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UN moves against witchraft, abuse of human rights, others



Alarmed by various cases of human rights abuse in the name of witchraft and others, the United Nations (UN) has moved against spread of witchcraft beliefs and practices of ‘religious entrepreneurs’.

A press statement by Witchcraft and Human Rights Information Network (WHRIN) and singned by its Executive Director, Gary Foxcroft, said the UN has announced its commitment to tacking the ongoing abuses of human rights that are taking place around the world.

The statement, which dwell on the recent Expert Workshop on Witchcraft and Human Rights, which was held in Geneva last week, quoted the UN’s Deputy High Commissioner for Human Rights – Ms. Kate Gilmore as saying, “be it in the name of witchcraft or spirituality or religion or political ideology; long standing tradition or recent fad; be it in the name of knowledge or ignorance: beatings, banishment, cutting of body parts, amputation of limbs, torture and murder – these are appalling violations of human rights – no matter the attempted excuse, no matter the proffered explanation.”


Gilmore stated that these abuses are being spread by “ruthless religious entrepreneurs who are left free to turn people’s fears to callous profit – selling costly and harmful exorcism services and related artifacts to people afflicted by tragedy, turmoil, deprivation, hopelessness.” The Expert Workshop, which was organised by the UN Independent Expert on Albinism, Ms Ikponwosa Ero, along with the WHRIN and Lancaster University, was ground-breaking in that it was the first time that a global gathering had been held at the UN level to address these challenges.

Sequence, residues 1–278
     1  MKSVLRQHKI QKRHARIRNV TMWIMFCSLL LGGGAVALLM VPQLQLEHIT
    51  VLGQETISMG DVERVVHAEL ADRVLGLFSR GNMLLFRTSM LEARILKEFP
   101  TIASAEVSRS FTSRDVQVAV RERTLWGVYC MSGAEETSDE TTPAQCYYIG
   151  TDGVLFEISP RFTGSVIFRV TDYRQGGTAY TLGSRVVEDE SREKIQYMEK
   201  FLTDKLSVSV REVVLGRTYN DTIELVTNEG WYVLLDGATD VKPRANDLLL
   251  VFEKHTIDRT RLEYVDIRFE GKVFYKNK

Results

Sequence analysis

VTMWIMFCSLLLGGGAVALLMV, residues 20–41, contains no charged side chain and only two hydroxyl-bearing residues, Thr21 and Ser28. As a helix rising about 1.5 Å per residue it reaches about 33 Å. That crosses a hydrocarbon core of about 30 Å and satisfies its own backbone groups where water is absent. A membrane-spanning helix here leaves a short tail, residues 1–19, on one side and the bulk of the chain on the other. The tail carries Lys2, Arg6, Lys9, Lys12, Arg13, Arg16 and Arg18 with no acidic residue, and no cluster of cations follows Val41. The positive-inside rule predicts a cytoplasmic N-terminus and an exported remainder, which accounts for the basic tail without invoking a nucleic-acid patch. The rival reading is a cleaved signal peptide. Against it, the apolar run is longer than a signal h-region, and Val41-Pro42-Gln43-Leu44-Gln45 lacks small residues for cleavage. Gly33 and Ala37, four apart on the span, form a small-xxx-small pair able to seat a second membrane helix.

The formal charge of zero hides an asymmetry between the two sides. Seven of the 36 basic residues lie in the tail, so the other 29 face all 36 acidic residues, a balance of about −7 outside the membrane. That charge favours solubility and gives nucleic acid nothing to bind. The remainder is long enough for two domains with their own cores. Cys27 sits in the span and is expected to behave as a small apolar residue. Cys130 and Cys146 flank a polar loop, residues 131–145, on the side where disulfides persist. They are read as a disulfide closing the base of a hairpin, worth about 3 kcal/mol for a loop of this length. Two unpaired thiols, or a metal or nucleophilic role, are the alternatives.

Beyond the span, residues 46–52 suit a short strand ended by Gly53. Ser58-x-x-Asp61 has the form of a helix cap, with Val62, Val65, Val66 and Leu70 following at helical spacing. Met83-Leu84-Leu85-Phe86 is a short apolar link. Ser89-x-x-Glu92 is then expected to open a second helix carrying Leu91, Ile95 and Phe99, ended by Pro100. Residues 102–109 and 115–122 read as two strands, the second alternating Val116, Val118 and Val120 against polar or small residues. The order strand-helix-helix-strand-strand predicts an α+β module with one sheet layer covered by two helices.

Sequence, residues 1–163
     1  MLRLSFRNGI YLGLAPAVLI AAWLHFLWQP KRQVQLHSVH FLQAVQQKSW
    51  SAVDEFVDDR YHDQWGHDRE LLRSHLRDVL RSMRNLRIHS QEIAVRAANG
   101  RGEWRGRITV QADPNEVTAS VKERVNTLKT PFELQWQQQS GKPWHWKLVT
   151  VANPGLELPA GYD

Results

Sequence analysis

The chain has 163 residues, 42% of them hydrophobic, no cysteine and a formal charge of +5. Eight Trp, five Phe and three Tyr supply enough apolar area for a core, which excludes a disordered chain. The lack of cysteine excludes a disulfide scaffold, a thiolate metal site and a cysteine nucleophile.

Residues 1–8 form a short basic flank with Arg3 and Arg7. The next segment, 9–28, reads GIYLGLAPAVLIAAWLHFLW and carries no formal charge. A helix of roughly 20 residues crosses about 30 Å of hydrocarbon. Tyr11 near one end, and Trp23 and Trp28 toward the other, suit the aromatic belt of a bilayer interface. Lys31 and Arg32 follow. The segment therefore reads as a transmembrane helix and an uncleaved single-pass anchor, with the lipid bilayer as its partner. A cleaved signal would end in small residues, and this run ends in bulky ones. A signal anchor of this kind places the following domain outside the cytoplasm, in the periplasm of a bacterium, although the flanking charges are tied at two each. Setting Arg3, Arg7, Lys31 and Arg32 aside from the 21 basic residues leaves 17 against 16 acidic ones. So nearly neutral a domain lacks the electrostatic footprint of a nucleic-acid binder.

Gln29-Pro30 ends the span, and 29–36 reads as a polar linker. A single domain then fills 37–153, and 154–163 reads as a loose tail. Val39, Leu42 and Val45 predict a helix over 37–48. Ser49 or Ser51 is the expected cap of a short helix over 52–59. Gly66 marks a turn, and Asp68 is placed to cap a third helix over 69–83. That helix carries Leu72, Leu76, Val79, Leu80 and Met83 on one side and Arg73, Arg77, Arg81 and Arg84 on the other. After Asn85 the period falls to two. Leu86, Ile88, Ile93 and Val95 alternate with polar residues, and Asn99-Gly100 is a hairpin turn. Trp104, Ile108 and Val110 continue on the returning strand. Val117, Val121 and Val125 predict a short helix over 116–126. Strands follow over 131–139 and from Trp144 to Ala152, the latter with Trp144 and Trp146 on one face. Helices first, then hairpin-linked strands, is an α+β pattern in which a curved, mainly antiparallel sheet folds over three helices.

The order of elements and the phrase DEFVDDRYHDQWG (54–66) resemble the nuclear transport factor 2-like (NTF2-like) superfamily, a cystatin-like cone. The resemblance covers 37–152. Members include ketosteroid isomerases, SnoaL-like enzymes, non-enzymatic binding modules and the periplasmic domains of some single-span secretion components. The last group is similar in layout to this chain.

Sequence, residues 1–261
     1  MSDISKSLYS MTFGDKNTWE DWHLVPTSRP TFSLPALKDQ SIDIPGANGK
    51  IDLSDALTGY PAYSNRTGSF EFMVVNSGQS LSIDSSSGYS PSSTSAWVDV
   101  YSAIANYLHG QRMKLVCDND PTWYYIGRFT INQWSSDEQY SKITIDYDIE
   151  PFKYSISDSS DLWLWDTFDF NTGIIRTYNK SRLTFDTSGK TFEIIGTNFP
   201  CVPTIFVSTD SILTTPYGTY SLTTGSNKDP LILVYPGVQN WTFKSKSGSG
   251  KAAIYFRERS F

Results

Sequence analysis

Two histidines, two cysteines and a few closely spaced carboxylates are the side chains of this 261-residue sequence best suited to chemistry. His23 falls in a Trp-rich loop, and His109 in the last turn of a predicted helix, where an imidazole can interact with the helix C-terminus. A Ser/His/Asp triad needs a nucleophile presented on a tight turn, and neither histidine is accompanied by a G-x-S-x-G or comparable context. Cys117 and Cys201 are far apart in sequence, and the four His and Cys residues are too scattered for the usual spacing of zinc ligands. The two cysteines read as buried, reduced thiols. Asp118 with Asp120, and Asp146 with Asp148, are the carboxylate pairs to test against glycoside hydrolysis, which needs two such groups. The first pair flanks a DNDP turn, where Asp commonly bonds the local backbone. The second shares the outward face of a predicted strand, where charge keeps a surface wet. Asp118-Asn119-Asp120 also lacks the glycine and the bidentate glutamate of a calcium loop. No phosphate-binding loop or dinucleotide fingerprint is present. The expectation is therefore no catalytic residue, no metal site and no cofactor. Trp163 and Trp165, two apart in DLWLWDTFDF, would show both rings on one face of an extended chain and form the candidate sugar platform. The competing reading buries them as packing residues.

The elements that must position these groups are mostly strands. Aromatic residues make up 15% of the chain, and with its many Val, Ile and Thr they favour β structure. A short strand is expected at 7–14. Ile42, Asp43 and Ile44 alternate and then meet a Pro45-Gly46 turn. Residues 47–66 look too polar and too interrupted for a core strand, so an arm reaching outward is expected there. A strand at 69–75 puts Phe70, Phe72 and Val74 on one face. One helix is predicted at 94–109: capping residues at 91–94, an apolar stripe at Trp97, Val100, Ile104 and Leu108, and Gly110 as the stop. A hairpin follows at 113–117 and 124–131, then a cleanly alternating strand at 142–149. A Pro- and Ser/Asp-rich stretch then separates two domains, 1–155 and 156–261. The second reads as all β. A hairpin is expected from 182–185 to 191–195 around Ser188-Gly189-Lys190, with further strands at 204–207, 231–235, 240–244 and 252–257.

A report launched by WHRIN at the Expert Workshop, which analysed online cases of abuses linked to beliefs in witchcraft, documented a total of 398 reports from 49 countries in 2016.

This according to the statement was “an increase from 282 and 41 respectively in 2013, thereby representing a 41% and 20% increase from 2013 study results. Witchcraft beliefs and practices were reported in every continent and were associated with high-levels of violence, most especially in Nigeria and India.

“In a worrying new development, high rates of human sacrifice were also recorded in India”. Foxcroft, said: “our report highlights the crisis in human rights that has been brought about by the international inaction on these challenging issues.

Thankfully, the UN has now acknowledged their severity and we look forward to working with them, and our wider network, to ensure that a UN Special Resolution should be passed in 2019 thereby mainstreaming the issues into their wider reporting structures.”

workshop highlighted the various manifestations of witchcraft beliefs and practices, including accusations, stigma and ritual killings, before looking to identify solutions needed to stem the increasing human rights violations that have been recorded across the world due to such harmful beliefs and practices. But the exact numbers of victims of such abuses is unknown and is widely believed to be under-reported. The statement further stated,” at the very least, it is believed that there are thousands of cases of people accused of witchcraft each year globally, often with fatal consequences, and others are mutilated and killed for their body parts to be used by witch-doctors to enable people to gain power or wealth.

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